Put an appointment in your schedule. Make an appointment with a qualified estate planning attorney. If you make the call and have an actual appointment, you have a deadline and that’s a start. The attorney may have a planning worksheet or organizer that he or she can send to you to guide you.

Start getting organized. If this seems overwhelming, break it out into separate parts. Begin with the easy part: a list of names, addresses, phone numbers, and email addresses for family members. Include any other people who you intend to include in your estate plan.

Next, list your assets and an estimated value of each. It doesn’t have to be to the penny. Include the account numbers, name of the institution, phone number and, if you have a personal contact, a name. Include bank accounts, real estate holdings, timeshares, stocks, bonds, personal property, vehicles, RVs, any collectibles of value (attach appraisals if you have them), life insurance and retirement accounts.

List the professionals who you rely on—your estate planning lawyer, CPA, financial advisor, etc.

If you own a firearm, include your license and make sure that both your spouse and your estate planning attorney are aware of the information. In certain states, having possession of a firearm without being the licensed owner is against the law. Speak with your estate planning attorney about the law in your state and how to prepare for a situation if the firearm needs to be safely and properly dealt with.

Name an executor or personal representative. Estate planning is not just for death. It is also for incapacity. Who will act on your behalf, if you are not able to do so? Many people name their spouse, a long-time trusted friend or a family member. Be certain that person will be willing to act on your behalf. Have a second person also named, in case something occurs, and your first choice cannot serve.

If you have minor children, your estate plan will include a guardian, who will be responsible for raising them. Talk about that with your spouse and that person to make sure they are willing to serve. You can also name a second person to be in charge of finances for the children. Your estate planning lawyer will talk with you about the role of trusts to provide for the children.

Think about your overall goals. How do you see your legacy? Do you want to leave some funds for a charity that has meaning to you and your family? Do you want your children to receive equal shares of your entire estate? Does one child require special needs planning, or are you concerned that one of your children may not be able to manage an inheritance? These are all topics to discuss with your estate planning attorney. Their experience will help clarify your goals and create a plan.

Reference: The Press Enterprise (Feb. 2, 2020) Yes, you must go there: Think about the unthinkable, plan for the worst”

What Exactly Is the Estate Tax?

In the U.S., we treat the estate tax and gift tax as a single tax system with unified limits and tax rates—but it is not very well understood by many people. The Motley Fool’s recent article entitled “What Is the Estate Tax in the United States?” gives us an overview of the U.S. estate and gift tax, including what assets are included, tax rates and exemptions in 2020.

The U.S. estate tax only impacts the wealthiest households. Let’s look at why that’s the case. Americans can exempt a certain amount of assets from their taxable estate—the lifetime exemption. This amount is modified every year to keep pace with inflation and according to policy modifications. This year, the lifetime exemption is $11.58 million per person. Therefore, if you’re married, you and your spouse can collectively exclude twice this amount from taxation ($23.16 million). To say it another way, if you’re single and die in 2020 with assets worth a total of $13 million, just $1.42 million of your estate would be taxable.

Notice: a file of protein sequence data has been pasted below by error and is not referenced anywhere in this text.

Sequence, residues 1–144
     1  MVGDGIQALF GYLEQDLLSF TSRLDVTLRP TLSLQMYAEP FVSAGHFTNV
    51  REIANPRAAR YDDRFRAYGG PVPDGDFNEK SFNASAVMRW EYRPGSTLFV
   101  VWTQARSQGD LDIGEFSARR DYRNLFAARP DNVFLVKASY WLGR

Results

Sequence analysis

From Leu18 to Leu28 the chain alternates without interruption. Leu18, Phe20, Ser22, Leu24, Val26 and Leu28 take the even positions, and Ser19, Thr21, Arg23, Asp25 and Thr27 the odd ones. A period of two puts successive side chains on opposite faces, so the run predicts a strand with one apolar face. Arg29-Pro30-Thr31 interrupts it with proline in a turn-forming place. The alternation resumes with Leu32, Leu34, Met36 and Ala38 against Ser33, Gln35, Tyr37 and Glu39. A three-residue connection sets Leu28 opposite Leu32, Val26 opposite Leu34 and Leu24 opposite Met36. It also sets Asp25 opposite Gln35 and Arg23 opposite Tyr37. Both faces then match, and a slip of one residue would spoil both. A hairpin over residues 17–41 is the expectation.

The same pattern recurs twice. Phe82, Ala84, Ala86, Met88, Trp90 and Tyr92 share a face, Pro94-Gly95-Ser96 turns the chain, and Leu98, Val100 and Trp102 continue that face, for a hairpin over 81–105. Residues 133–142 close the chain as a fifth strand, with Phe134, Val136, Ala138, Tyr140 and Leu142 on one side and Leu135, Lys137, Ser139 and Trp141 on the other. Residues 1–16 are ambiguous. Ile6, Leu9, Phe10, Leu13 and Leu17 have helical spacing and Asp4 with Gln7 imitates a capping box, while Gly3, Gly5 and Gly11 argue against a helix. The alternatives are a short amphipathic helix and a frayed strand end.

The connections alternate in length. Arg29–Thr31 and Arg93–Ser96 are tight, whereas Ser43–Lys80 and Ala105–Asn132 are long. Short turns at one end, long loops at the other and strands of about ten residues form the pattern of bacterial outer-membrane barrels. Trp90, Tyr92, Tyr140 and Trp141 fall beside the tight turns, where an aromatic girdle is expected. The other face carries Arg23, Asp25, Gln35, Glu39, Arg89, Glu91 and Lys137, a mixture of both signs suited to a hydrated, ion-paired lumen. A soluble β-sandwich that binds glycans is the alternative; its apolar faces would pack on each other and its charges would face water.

However, most Americans don’t have more than $11.58 million worth of assets when they pass away. This is why the estate tax only impacts the wealthiest households in the country. It is estimated that less than 0.1% of all estates are taxable. Therefore, 99.9% of us don’t owe any federal estate taxes whatsoever at death. You should also be aware that the lifetime exemption includes taxable gifts as well. If you give $1 million to your children, for example, that counts toward your lifetime exemption. As a result, the amount of assets that could be excluded from estate taxes would be then decreased by this amount at your death.

You don’t have to pay any estate or gift tax until after your death, or until you’ve used up your entire lifetime exemption. However, if you give any major gifts throughout the year, you might have to file a gift tax return with the IRS to monitor your giving. There’s also an annual gift exclusion that lets you give up to $15,000 in gifts each year without touching your lifetime exemption. There are two key points to remember:

  • The exclusion amount is per recipient. Therefore, you can give $15,000 to as many people as you want every year, and they don’t even need to be a relative; and
  • The exclusion is per donor. This means that you and your spouse (if applicable) can give $15,000 apiece to as many people as you want. If you give $30,000 to your child to help her buy their first home and you’re married, you can consider half of the gift from each spouse.

The annual gift exclusion is an effective way for you to reduce or even eliminate estate tax liability. The estate tax rate is effectively 40% on all taxable estate assets.

Finally, the following kinds of assets aren’t considered part of your taxable estate:

  • Anything left to a surviving spouse, called “the unlimited marital deduction”;
  • Any amount of money or property you leave to a charity;
  • Gifts you’ve given that are less than the annual exclusion for the year in which they were given; and
  • Some types of trust assets.

Reference: The Motley Fool (Jan. 25, 2020) “What Is the Estate Tax in the United States?”